View details for DOI 10.1371/journal.pgen.1004364
View details for Web of Science ID 000337145100055
View details for PubMedID 24875294
Sclerostin Inhibition Reverses Skeletal Fragility in an Lrp5-Deficient Mouse Model of OPPG Syndrome
SCIENCE TRANSLATIONAL MEDICINE
2013; 5 (211)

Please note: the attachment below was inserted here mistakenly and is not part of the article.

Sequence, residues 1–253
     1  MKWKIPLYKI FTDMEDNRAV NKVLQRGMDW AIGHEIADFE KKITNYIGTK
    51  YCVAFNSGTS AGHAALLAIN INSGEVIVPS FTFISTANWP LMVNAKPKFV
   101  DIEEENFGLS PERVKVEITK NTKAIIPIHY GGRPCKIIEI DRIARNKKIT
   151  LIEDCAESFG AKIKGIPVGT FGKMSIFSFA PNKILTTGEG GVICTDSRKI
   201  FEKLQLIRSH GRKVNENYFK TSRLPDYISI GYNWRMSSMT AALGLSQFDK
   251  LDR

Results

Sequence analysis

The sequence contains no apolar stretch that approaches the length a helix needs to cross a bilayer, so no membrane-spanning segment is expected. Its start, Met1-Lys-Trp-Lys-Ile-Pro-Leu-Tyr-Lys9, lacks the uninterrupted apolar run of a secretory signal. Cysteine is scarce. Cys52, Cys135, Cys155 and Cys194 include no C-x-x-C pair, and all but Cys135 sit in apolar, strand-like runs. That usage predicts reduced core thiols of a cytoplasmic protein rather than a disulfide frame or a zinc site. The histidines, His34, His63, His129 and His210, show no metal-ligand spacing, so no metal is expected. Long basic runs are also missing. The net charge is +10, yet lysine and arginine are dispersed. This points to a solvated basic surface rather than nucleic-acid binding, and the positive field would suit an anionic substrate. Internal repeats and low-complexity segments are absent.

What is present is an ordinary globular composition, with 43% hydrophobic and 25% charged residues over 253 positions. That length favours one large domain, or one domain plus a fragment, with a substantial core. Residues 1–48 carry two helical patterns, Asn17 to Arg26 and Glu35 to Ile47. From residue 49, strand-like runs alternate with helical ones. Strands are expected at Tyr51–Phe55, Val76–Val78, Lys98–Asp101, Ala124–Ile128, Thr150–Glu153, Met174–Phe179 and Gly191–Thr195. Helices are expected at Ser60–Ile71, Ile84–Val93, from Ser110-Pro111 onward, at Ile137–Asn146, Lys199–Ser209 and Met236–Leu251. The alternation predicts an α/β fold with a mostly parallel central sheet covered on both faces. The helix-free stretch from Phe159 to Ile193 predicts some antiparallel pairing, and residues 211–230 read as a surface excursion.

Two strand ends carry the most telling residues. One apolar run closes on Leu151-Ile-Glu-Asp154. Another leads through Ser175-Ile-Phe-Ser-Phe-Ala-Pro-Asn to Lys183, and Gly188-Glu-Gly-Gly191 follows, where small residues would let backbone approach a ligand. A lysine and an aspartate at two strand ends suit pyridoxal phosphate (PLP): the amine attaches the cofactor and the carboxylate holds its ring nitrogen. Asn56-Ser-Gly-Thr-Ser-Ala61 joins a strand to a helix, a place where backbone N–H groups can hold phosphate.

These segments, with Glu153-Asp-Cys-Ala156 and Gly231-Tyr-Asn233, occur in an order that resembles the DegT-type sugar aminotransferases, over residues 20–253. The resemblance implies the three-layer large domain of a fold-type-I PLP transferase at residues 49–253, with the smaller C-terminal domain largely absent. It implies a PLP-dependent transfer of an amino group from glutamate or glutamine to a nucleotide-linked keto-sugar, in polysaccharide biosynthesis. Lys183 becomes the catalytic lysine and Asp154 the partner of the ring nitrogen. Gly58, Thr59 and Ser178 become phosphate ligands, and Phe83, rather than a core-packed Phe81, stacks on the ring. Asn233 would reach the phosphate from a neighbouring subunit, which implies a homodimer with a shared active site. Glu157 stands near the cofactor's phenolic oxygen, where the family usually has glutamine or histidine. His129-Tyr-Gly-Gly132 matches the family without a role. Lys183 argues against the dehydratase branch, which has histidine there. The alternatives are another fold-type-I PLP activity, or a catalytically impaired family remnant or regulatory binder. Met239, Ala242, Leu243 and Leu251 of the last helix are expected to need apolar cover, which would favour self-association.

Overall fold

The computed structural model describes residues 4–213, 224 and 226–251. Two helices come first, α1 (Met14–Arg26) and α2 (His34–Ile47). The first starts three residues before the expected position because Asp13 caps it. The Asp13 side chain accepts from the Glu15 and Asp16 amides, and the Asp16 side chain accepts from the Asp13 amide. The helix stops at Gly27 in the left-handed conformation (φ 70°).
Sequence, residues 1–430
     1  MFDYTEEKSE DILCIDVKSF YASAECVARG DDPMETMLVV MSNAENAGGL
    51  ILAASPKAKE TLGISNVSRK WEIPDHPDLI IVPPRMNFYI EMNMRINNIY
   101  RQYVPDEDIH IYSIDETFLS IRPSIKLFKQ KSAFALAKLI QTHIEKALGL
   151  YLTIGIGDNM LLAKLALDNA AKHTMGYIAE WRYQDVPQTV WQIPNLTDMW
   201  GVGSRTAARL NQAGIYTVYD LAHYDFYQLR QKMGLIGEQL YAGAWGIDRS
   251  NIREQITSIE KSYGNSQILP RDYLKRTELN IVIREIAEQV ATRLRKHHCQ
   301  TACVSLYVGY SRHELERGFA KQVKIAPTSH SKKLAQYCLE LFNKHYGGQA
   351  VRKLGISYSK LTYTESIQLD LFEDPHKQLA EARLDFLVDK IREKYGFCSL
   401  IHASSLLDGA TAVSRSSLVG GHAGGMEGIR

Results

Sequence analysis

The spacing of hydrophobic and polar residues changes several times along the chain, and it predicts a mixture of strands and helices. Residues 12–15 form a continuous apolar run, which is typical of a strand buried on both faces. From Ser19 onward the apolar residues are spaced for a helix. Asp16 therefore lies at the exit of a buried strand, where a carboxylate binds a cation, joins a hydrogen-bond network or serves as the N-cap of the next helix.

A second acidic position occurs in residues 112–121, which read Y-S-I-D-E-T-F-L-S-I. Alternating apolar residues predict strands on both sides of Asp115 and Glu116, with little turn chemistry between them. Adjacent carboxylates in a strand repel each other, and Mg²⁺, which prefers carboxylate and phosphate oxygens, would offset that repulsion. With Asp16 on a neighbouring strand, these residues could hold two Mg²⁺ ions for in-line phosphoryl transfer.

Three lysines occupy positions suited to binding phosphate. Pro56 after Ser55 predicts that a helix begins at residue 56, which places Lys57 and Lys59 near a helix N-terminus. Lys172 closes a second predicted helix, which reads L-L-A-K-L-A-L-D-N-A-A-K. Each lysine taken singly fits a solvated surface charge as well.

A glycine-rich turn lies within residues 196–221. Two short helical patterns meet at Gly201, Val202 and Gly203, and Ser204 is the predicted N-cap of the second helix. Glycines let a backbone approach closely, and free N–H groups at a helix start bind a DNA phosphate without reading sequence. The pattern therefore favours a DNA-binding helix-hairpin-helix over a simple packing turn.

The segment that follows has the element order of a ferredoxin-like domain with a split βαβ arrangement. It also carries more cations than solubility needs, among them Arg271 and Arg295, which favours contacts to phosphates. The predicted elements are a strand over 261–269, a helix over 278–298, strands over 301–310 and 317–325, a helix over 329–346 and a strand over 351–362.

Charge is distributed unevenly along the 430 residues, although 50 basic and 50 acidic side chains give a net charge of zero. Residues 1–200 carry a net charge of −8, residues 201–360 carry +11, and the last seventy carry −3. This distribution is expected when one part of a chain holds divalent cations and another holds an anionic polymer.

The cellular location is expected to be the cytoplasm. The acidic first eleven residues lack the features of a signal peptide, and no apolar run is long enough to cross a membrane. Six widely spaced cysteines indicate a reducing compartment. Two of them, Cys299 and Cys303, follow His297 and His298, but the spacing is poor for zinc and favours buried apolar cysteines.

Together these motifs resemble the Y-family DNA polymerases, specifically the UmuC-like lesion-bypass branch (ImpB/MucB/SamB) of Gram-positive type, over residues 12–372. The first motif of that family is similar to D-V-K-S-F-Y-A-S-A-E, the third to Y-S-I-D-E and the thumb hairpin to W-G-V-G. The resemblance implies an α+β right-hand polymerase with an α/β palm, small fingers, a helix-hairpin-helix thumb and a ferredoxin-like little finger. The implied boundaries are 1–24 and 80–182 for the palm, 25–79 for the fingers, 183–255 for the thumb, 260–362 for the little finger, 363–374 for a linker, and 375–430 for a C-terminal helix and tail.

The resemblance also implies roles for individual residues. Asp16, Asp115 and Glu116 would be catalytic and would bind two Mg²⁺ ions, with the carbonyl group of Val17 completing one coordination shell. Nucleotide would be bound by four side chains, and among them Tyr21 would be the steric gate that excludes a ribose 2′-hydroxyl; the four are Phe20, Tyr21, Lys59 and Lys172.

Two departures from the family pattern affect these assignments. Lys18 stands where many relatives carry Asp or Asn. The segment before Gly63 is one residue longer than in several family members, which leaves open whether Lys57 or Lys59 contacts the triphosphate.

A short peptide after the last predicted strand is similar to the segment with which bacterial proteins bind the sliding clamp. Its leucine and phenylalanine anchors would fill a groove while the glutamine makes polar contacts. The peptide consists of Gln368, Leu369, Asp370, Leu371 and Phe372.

Osteoporosis pseudoglioma syndrome (OPPG) is a rare genetic disease that produces debilitating effects in the skeleton. OPPG is caused by mutations in LRP5, a WNT co-receptor that mediates osteoblast activity. WNT signaling through LRP5, and also through the closely related receptor LRP6, is inhibited by the protein sclerostin (SOST). It is unclear whether OPPG patients might benefit from the anabolic action of sclerostin neutralization therapy (an approach currently being pursued in clinical trials for postmenopausal osteoporosis) in light of their LRP5 deficiency and consequent osteoblast impairment. To assess whether loss of sclerostin is anabolic in OPPG, we measured bone properties in a mouse model of OPPG (Lrp5(-/-)), a mouse model of sclerosteosis (Sost(-/-)), and in mice with both genes knocked out (Lrp5(-/-);Sost(-/-)). Lrp5(-/-);Sost(-/-) mice have larger, denser, and stronger bones than do Lrp5(-/-) mice, indicating that SOST deficiency can improve bone properties via pathways that do not require LRP5. Next, we determined whether the anabolic effects of sclerostin depletion in Lrp5(-/-) mice are retained in adult mice by treating 17-week-old Lrp5(-/-) mice with a sclerostin antibody for 3 weeks. Lrp5(+/+) and Lrp5(-/-) mice each exhibited osteoanabolic responses to antibody therapy, as indicated by increased bone mineral density, content, and formation rates. Collectively, our data show that inhibiting sclerostin can improve bone mass whether LRP5 is present or not. In the absence of LRP5, the anabolic effects of SOST depletion can occur via other receptors (such as LRP4/6). Regardless of the mechanism, our results suggest that humans with OPPG might benefit from sclerostin neutralization therapies.